Mosses tend to terrify some of those among us who own
small gardens. On the other hand the mosses are a paradise for the water bears.
In the literature we find quotes of population densities up to 22,000 individuals
per gram of dried moss (see e.g. in Ernst Marcus: Bärtierchen. Jena 1928, p. 18).
Very old publications indicate that the water bears are found most typically in roof
gutters. In his first description of
Macrobiotus hufelandi Oken mentions the
existence of water bears in roof gutters but doesn't forget the roofs themselves.
Later authors simplified this information in so far as they skipped the roofs
and mentioned the roof gutters only.
E.g. Ludwig Schmarda writes in his biology textbook "Zoologie"
(2nd ed., Leipzig 1878) about the tardigrades:
which can be found in moist mosses, in ditches
und in roof gutters.
We can easily understand why the water bears can be found in roof gutters.
It is a kind of accident. Strong rainfall tends to carry away
the water bears from their favourite places, the moss cushions on the roofs.
The water bears then end up in the gutters as homeless animals:
Meanwhile many people on earth live in houses covered
by new, sometimes glazed tiles where the tardigrades cannot live anymore.
What are the advantages of those mosses on old roofs?
Let's have a glance at the properties of the mosses first. We can perform
a simple experiment in order to understand.
Just take one of those dark, dry moss cushions, e.g. of Grimmia
pulvinata , from a wall exposed to full sunlight and weigh it.
By means of a letter balance we can tell that the weight of the moss cushion
shown below in the figure is a little bit less than 5 g.
Now we flood the moss with deionized water or tap water
until it is saturated. In the experiment shown here it took about seven minutes
until the moss was fully soaked by the water. We let drop down the remaining
unbound water and weigh again. Now the balance reading is 24 g. We conclude
from this experiment that the moss is able to take up its fourfold mass in water.
And, possibly even more strange, we notice
that it has not only grown in size but that its colour has turned
to an intense green again. Before it had an ashgrey colour, like dry
brushwood. You need lots of light in order to present this very dark green
colour on the crt:
Furthermore we note that some part of the moss
seems to behave differently. Apparently this part is no more alive and therefore
cannot return to the green state.
Now we have lots of water caged within the moss. Due to the many leafs the outer
surface area is great and therefore we will always have enough oxygen in the water.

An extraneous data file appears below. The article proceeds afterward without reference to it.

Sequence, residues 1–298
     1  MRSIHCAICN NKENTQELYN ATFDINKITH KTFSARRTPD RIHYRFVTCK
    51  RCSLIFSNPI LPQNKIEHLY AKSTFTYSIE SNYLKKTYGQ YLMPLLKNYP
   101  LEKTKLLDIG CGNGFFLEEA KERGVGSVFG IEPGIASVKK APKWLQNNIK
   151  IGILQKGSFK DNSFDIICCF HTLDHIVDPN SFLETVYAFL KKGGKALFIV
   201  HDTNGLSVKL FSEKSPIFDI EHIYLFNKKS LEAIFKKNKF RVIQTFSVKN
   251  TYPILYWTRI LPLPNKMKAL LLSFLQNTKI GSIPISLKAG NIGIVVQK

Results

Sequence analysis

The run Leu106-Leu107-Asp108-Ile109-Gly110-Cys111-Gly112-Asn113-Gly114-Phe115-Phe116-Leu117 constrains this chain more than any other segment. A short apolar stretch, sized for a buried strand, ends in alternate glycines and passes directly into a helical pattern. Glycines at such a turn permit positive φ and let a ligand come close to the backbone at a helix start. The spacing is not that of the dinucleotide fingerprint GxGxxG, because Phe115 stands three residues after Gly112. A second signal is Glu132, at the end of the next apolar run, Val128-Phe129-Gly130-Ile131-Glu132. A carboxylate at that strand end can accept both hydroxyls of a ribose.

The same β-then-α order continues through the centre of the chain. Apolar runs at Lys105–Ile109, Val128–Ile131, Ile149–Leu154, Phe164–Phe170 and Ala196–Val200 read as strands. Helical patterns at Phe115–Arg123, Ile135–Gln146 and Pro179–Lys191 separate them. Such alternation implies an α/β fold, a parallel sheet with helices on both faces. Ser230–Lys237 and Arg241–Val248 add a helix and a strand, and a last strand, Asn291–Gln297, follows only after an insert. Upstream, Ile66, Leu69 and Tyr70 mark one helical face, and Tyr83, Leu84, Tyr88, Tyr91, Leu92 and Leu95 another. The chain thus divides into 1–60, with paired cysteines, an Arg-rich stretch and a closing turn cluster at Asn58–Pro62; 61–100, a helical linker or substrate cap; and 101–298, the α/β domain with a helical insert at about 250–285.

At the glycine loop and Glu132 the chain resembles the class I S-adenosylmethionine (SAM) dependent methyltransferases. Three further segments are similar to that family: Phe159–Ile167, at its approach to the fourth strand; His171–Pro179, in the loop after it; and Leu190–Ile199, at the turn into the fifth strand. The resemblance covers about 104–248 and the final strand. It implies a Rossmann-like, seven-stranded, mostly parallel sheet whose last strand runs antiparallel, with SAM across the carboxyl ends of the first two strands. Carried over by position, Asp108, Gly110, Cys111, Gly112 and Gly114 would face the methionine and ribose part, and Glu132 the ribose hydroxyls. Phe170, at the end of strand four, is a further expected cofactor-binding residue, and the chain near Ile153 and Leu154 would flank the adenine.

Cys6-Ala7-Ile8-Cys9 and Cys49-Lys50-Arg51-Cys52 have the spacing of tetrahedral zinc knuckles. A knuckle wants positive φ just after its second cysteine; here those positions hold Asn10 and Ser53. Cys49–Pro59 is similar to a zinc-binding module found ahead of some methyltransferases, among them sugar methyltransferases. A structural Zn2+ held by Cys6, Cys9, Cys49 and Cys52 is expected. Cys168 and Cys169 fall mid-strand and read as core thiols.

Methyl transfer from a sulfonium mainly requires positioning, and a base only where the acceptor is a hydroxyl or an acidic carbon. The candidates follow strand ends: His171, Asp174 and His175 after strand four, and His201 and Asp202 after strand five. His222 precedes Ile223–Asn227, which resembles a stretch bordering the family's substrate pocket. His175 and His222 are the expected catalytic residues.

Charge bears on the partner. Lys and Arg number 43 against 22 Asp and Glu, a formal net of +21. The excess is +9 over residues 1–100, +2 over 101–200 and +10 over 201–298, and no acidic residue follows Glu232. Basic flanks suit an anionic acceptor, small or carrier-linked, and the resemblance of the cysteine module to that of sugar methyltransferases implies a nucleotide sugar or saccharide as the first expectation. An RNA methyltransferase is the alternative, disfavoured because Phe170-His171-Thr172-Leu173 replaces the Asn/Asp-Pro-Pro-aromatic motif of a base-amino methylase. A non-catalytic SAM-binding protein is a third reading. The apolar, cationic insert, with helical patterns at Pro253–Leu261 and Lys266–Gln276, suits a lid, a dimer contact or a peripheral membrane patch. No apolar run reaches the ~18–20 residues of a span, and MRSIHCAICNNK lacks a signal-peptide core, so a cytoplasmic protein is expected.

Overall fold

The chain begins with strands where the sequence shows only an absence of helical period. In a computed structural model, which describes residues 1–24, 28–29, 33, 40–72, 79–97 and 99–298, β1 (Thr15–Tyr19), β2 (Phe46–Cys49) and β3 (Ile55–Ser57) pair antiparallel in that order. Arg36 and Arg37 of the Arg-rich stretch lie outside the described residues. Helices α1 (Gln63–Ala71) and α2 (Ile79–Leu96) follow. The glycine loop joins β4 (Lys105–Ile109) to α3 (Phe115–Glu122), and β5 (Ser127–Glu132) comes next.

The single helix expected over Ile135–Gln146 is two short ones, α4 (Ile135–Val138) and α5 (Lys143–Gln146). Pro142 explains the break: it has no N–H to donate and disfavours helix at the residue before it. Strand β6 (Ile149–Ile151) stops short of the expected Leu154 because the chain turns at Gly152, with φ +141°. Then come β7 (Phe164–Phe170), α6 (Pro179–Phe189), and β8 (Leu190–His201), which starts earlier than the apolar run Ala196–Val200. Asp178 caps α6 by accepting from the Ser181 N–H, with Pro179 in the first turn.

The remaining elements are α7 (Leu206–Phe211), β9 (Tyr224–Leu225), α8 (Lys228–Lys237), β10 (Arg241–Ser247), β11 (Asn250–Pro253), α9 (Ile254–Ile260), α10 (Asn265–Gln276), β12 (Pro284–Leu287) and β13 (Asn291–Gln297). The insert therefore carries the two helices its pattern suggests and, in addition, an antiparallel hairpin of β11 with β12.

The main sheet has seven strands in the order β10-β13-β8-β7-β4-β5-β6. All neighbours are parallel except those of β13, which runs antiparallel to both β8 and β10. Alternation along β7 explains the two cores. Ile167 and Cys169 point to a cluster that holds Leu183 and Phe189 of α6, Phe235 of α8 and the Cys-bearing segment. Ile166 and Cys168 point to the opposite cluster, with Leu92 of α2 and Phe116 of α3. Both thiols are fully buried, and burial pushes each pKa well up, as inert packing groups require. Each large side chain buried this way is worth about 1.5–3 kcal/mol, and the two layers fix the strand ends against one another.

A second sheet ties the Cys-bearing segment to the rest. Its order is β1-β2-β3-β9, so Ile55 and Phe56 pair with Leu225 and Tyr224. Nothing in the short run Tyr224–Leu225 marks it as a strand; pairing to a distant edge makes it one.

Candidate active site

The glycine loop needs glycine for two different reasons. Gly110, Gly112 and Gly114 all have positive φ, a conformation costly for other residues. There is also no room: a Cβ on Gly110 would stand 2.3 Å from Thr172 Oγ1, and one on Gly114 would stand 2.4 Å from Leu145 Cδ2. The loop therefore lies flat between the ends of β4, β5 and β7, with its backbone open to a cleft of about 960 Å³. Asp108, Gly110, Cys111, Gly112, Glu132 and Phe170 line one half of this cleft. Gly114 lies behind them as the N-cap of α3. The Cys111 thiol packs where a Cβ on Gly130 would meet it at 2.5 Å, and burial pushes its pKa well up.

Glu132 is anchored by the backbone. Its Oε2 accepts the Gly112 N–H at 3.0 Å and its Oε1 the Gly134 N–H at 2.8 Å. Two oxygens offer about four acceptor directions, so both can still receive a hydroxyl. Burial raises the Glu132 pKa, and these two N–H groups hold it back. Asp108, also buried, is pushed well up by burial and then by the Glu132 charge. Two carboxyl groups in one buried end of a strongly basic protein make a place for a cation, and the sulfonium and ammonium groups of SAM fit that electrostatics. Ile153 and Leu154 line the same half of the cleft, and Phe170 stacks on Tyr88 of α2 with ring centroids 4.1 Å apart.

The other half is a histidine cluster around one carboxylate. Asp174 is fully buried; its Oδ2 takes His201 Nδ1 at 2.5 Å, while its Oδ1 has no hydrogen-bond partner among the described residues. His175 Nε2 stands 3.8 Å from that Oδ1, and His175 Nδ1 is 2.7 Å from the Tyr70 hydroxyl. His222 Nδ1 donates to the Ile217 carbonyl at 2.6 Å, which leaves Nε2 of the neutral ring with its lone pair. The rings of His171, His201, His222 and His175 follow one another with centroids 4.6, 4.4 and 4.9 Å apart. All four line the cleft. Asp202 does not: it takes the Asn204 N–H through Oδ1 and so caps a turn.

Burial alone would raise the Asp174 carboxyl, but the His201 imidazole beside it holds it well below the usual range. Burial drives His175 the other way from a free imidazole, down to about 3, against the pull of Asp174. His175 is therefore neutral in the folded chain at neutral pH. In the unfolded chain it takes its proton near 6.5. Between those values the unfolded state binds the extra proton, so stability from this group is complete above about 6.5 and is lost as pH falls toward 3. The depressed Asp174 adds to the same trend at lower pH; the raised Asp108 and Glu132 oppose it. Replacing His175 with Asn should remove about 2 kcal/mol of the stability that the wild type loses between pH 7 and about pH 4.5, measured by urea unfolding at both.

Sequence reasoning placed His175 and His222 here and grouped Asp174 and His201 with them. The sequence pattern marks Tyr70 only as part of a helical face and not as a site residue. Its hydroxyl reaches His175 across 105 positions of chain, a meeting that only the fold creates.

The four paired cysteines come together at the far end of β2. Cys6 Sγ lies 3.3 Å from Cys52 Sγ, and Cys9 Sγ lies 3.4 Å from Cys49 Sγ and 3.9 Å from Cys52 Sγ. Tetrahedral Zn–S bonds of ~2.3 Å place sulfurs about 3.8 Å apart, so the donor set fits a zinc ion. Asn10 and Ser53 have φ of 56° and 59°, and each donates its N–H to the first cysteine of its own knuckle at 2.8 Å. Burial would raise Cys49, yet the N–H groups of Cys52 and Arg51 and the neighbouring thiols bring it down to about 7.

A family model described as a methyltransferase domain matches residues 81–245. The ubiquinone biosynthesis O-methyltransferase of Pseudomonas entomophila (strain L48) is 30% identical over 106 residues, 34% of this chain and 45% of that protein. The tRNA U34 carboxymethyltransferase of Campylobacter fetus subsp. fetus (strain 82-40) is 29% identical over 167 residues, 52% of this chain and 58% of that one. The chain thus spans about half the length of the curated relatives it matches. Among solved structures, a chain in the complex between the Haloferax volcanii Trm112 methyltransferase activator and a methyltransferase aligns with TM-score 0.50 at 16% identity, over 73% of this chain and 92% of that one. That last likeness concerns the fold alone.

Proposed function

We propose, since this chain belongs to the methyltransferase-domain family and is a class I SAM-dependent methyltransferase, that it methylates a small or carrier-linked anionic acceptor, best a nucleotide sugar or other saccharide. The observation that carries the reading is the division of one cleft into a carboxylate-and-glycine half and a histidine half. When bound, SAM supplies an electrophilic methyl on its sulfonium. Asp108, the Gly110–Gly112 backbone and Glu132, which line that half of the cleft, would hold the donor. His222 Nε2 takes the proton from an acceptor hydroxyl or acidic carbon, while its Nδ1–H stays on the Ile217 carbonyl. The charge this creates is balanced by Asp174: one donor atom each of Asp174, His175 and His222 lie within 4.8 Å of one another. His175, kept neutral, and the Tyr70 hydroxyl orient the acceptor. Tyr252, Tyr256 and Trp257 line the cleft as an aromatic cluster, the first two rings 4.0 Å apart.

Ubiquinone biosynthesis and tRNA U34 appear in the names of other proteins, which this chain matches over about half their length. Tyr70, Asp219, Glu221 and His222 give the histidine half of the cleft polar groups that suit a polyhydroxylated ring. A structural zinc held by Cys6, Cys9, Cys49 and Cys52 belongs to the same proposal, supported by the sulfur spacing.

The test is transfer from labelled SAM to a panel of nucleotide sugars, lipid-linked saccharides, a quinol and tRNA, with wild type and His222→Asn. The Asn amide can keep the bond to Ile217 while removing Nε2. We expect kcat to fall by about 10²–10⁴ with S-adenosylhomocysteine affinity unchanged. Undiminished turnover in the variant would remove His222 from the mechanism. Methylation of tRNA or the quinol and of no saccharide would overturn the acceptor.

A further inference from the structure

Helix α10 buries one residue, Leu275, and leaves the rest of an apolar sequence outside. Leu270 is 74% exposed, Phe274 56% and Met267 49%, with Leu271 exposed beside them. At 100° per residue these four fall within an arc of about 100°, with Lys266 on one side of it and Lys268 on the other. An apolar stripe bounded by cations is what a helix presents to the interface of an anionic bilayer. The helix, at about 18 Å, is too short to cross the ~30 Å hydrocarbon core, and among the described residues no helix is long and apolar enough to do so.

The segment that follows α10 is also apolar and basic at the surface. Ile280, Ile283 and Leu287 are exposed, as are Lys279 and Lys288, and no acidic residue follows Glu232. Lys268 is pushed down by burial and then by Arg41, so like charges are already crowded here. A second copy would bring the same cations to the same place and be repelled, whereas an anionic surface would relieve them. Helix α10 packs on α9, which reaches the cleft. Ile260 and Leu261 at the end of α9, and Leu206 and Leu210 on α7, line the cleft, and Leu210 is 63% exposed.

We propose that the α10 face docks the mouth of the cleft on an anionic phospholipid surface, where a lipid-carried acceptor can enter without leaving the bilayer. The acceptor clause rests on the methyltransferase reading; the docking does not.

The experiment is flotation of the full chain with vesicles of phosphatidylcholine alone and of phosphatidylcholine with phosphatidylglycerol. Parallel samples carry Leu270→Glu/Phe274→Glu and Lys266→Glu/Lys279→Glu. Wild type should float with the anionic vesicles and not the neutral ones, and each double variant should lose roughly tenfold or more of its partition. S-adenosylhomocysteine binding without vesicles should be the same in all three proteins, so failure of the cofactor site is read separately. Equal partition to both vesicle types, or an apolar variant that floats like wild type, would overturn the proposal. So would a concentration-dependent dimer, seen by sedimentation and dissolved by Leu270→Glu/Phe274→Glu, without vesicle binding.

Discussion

In the last issue of the Water Bear web base we have learnt that the water bears
cannot breathe actively and that the oxygen
therefore has to penetrate into their tiny bodies just by means of diffusion.
So a well-ventilated system will provide an optimal environment continuously
saturated with oxygen.
When looking at moss cushions on earth overloaded by water for several days
we will find out that the number of bacteria and funghi tends to increase rapidly
and that the moss will become smelly after some time. The tardigrades within
those too wet moss cushions are threatened by the bacteria:
Though many of us are afraid of bacteria as well we will have to
admit that the scale relation is much more favourite for us humans:
From the perspective of a tardigrade a single bacterium has the size of
a hot dog sausage - which is really a terrible situation!
Due to their water storage capacity the mosses offer rather long periods
of constant humidity to the water bears. In contrast to the mosses on earth
the mosses on roofs will receive lots of water during a rainfall but will
never bind more water than what can actually be retained by the moss plants.
For this reason there is no dammed up water within the mosses and no stagnant
humidity. From time to time the moss becomes even completely dry and the number
of bacteria will become smaller. So after the next rainfall the tardigrades
will have a fair chance to revive in a clean environment without any 'hot dog'
It is really a pity that the number of old roofs tends to diminish worldwide ...
© Text, images, and video clips by
Martin Mach (firstname.lastname@example.org).
Water Bear web base is a licensed and revised version of
the German language monthly magazine Bärtierchen-Journal .
Style and grammar amendments by native speakers are warmly welcomed.